Over the winter of 2009/2010 Chandhok continued to be linked with Force India, however, as things progressed he was also being linked with both US F1 and Campos Meta. With an eye on the vast Indian market, F1 supremo Bernie Ecclestone was as keen to see Karun on the grid as the youngster himself.
Just when it appeared to be over, at least for 2010, Karun was handed what is surely every racer's dream, a full time F1 drive. In the wake of Jose Ramon Carabante's purchase of the former Campos Meta team, Karun was announced as teammate to (former iSport GP2 teammate Bruno Senna) at Hispania Racing just over a week ahead of the season opener in Bahrain.
However, the 'dream' soon became a nightmare, as the reality of just how badly Hispania was prepared and financed began to sink in.
Due to the fact that his car still wasn't complete, and then suffered a hydraulics failure, Karun's first outing in the car wasn't until the qualifying session in Bahrain. Somehow he managed to post a time, albeit almost 11s off the pace of pole-winner Fernando Alonso.
Sadly the Indian span off after just one lap after hitting a bump, thereby leaving him unable to use the race as a glorified test session.
In Australia he finished fourteenth, albeit five laps down on the leader, followed by further finishes in China, Monaco, Turkey, Canada and Britain.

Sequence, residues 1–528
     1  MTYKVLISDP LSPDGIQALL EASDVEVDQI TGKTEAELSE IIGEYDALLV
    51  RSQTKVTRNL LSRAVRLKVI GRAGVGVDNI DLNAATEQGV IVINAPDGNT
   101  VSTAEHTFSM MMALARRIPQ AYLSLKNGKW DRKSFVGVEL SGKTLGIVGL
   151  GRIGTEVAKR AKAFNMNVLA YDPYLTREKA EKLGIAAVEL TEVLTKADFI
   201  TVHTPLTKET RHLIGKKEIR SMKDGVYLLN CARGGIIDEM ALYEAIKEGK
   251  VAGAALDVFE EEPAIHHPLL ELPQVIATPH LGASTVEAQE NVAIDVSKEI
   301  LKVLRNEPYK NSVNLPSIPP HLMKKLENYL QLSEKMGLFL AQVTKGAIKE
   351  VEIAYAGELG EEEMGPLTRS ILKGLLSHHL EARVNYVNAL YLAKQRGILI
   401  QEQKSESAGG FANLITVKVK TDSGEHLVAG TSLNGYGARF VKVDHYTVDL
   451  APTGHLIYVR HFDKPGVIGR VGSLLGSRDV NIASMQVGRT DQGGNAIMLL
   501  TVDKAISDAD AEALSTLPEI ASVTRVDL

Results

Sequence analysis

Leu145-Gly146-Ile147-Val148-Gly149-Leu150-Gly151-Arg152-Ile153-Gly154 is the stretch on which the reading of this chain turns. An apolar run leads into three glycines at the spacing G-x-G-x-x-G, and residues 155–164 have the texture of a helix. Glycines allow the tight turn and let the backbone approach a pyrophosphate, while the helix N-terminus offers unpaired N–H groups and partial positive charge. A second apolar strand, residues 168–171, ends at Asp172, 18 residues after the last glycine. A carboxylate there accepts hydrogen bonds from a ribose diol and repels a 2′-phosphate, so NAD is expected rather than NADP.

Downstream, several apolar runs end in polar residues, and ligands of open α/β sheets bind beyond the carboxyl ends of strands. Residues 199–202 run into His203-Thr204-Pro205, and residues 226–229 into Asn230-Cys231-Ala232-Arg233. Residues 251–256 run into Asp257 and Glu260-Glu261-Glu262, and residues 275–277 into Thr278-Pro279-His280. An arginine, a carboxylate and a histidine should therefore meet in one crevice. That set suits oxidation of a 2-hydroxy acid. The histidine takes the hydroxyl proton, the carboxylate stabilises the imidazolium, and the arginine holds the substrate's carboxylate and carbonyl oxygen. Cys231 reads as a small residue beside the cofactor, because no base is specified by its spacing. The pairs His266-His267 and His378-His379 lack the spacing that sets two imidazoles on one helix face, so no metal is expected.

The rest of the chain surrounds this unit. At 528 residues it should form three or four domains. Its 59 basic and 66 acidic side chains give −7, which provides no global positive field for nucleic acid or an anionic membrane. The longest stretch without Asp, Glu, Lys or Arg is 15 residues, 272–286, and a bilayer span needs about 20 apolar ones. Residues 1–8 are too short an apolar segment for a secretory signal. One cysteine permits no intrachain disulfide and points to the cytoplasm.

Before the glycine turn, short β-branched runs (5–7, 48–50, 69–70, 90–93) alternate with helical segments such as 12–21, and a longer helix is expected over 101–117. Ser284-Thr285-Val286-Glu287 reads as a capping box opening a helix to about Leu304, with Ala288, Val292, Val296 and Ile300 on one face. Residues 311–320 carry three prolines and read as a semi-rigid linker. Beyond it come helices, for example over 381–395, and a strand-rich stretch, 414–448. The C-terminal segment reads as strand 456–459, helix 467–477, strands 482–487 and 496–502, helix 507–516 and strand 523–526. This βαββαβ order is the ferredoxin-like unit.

Thanks to some hard work behind the scenes from Geoff Willis and his team, not to mention some wise strategic calls, the team was able to close to within two laps of the leaders at some circuits by mid-summer.
When Senna was dropped in favour of Sakon Yamamoto at Silverstone it was clear that the financial problems were getting out of control. Sure enough, in Germany Chandhok was dropped in favour of the Japanese driver and his money.
While Senna was only dropped for one race, Karun, despite assurances from the team, was never seen again, save for his commentating outings with the BBC.
In late March 2011, Karun was confirmed as reserve driver for Team Lotus, while Luiz Razia was named as third driver and Davide Valsecchi and Ricardo Teixeira test drivers.
Karun's Lotus career got off to the worst possible start when he crashed on his installation lap in Melbourne, however, undaunted the Malaysian team still allowed him seven further Friday outings over the course of the season.
In a surprise move, Karun participated in the whole of the German Grand Prix weekend when the dropped Jarno Trulli while it attempted to adapt its power steering system to his liking. While Karun did well in qualifying, posting a best time 0.177off Kovalainen's pace, in the race he finished last, two laps down on the Finn.
Though, unlike Narain Karthikeyan at HRT, he didn't get to contest the inaugural Indian Grand Prix, he did take part in the Friday morning practice session, the team opting to run its full line-up in the race rather than jeopardise its place in the championship.
While he has yet to find an F1 role for 2012, even as a reserve driver, he is committed to the new i1 Super Series, also known as Indian Racing League.
A thoroughly likeable guy, as India's F1 prominence grows it will be interesting to see if Karun gets further outings, though at this stage even he admits that this looks unlikely.
Statistics - at the end of 2011 Season
Drivers' Titles: 0
Seasons in F1: 2
Grand Prix: 11
Fastest Laps: 0
Best result in 2011: 20th (Germany)
Best qualifying 2011: 21st (Germany)
Worst qualifying 2011: 21st (Germany)
2011: Out-qualified Heikki Kovalainen 0 times
2011: Out-qualified by Heikki Kovalainen 1 time
2011: Completed 56 out of 60 laps (93.3%)
2011: Finished 1 time from 1 start (100%)